| 14.6°C Dublin

McDowell and McIlroy in chasing pack at HSBC

KEEGAN Bradley has not stopped pinching himself all year – and he did it again today after taking the lead in the final world championship of the season.

The 25-year-old, who in August became only the second player in 98 years to win the very first major he played in, began the HSBC Champions in Shanghai with a seven under par 65.

“Every week I'm amazed at who I'm around,” Bradley said after opening a two-stroke gap over fellow American Bo Van Pelt and Swedes Alex Noren and Fredrik Jacobson.

He had never played with Lee Westwood before, but out-scored both England's world number two and Australian Adam Scott, the other member of the three-ball, by four. “To be in a group like that in this tournament and to play like that is very rewarding and means a lot to me,” said Bradley. “A year ago this week I had just got my PGA Tour card. To think a year on I would be sitting here in the lead is pretty remarkable.”

He should be getting used to it, though. When Bradley played his first world championship three months ago he shared the halfway lead and only last

month he beat this season's other major champions, Rory McIlroy, Darren Clarke and Charl Schwartzel, at the PGA Grand Slam. He leads them all again now. McIlroy and Schwartzel had 70s, Clarke a 73.\[Shane Hegarty\]Highlight of Bradley's round was an eagle on the 538-yard 18th, his ninth. He thought about laying up short of the water, but went for it and holed a 20-footer.

Westwood nearly did better than that at the 594-yard 14th. A five-wood approach hit the flag and stopped less than two feet away.

Justin Rose also eagled there and had another on the second as he led the British challenge with a 68 on his first visit to Sheshan. He will resume in joint fifth place.

Graeme McDowell is alongside Westwood after admitting that he “threw the towel in a little bit” last weekend at the Andalucia Masters, where he failed to break 80 in the third and fourth rounds.

“It was probably one of the more embarrassing weekends I've ever had in my golf career,” said last year's US Open champion. “Valderrama can do that to you, but I had a long time to think about it coming over here and it was nice to go out there today and make some birdies (seven in all to go with his triple bogey at the short 17th).\[Shane Hegarty\]”I could not aim for the right side of the golf course because I couldn't rely on my draw and I couldn't aim at the left side of the golf course because I had no fade.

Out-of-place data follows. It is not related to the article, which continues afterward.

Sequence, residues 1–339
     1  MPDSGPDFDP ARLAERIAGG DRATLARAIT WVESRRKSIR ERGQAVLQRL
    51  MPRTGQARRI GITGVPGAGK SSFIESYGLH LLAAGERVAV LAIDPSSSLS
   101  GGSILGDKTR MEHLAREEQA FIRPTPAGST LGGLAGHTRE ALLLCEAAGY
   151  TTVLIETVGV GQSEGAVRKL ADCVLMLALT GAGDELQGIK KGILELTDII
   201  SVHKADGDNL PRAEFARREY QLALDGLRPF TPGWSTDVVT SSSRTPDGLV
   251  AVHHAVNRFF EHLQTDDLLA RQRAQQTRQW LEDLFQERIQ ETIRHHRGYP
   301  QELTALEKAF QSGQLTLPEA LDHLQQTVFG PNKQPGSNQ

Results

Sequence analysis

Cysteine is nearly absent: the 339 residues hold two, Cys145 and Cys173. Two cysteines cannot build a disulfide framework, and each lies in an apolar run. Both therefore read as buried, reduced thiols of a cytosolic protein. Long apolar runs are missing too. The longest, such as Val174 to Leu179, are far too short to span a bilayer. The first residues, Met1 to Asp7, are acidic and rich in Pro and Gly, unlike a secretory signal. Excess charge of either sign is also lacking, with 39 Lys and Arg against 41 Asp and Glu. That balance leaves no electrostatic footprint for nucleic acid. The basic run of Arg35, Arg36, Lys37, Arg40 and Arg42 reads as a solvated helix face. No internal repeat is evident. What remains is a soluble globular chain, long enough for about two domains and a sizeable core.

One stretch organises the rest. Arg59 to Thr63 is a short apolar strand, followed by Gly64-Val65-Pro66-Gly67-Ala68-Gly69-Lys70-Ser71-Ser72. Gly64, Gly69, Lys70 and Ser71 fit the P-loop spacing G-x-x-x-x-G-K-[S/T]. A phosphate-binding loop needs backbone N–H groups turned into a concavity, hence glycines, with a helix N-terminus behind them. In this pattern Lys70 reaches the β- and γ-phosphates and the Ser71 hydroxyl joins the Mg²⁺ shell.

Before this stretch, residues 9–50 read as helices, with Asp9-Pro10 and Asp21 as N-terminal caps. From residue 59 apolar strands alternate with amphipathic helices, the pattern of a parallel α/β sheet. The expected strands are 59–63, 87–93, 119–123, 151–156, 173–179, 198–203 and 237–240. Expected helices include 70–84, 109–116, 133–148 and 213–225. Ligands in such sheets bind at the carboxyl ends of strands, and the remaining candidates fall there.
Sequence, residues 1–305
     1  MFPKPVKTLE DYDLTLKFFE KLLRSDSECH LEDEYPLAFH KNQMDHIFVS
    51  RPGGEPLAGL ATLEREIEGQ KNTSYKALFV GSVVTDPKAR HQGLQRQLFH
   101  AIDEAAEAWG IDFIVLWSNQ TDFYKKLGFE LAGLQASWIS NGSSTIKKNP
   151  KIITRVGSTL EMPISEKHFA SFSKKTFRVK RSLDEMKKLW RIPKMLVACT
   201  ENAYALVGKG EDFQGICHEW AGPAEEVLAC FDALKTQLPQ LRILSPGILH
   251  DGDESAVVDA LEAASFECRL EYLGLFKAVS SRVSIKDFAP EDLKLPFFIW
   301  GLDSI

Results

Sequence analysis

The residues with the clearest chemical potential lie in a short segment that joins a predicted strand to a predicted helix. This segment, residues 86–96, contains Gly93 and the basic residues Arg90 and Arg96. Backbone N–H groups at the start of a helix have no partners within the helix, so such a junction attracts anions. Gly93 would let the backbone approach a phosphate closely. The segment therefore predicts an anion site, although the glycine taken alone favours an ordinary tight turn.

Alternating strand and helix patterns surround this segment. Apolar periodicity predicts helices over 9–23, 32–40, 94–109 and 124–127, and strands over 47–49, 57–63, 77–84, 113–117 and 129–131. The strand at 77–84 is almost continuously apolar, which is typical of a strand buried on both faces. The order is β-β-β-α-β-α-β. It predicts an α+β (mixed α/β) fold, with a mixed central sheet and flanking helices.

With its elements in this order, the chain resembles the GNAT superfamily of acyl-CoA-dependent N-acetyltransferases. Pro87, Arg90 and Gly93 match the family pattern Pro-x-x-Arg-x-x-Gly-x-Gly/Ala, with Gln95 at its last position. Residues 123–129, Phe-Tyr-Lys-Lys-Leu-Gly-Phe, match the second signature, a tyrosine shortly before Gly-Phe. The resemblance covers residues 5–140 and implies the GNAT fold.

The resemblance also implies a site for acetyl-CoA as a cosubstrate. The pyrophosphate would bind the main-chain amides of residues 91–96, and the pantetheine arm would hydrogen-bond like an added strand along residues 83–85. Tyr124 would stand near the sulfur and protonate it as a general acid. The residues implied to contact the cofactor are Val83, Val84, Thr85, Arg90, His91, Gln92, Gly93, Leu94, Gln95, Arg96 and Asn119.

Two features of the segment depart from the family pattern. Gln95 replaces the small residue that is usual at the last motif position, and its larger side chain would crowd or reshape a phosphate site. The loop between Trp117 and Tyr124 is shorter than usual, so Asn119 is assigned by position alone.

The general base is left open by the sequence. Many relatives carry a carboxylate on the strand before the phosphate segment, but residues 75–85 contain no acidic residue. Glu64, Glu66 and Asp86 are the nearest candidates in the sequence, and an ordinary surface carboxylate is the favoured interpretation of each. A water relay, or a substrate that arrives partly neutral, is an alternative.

“I had no shot in the bag - and I couldn't make a putt either.

“I had a good chat with Pete (coach Peter Cowen) on Monday night and on Tuesday really felt my old self come back a little bit again. I've been angrier this year with myself because I want it too much - we're all guilty that sometimes. This game has beat me up this year, there's no doubt about it. It's hard because you're trying to prove things and you're trying to emulate last year.

“We're all very good at punching ourselves when we are down. That's the game.”

Fellow Ulsterman McIlroy has had no need to do that since winning the US Open this June - and, of course, he added a further £1.25million with victory in the Shanghai Masters on Sunday.

Watched by girlfriend Caroline Wozniacki, the tennis world number one, he started with a bogey, but slowly worked his way back into things with three birdies.

“I feel as if I left a lot of shots out there, but 70 isn't a disastrous start,” the 22-year-old stated